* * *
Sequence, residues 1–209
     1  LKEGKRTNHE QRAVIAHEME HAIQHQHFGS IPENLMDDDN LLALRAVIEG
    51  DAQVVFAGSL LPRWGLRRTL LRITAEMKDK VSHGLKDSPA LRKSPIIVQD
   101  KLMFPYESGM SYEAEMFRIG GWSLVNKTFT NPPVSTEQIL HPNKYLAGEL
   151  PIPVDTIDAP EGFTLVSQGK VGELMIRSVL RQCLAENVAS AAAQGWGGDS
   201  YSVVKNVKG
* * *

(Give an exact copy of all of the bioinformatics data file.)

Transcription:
Sequence, residues 1–209
     1  LKEGKRTNHE QRAVIAHEME HAIQHQHFGS IPENLMDDDN LLALRAVIEG
    51  DAQVVFAGSL LPRWGLRRTL LRITAEMKDK VSHGLKDSPA LRKSPIIVQD
   101  KLMFPYESGM SYEAEMFRIG GWSLVNKTFT NPPVSTEQIL HPNKYLAGEL
   151  PIPVDTIDAP EGFTLVSQGK VGELMIRSVL RQCLAENVAS AAAQGWGGDS
   201  YSVVKNVKG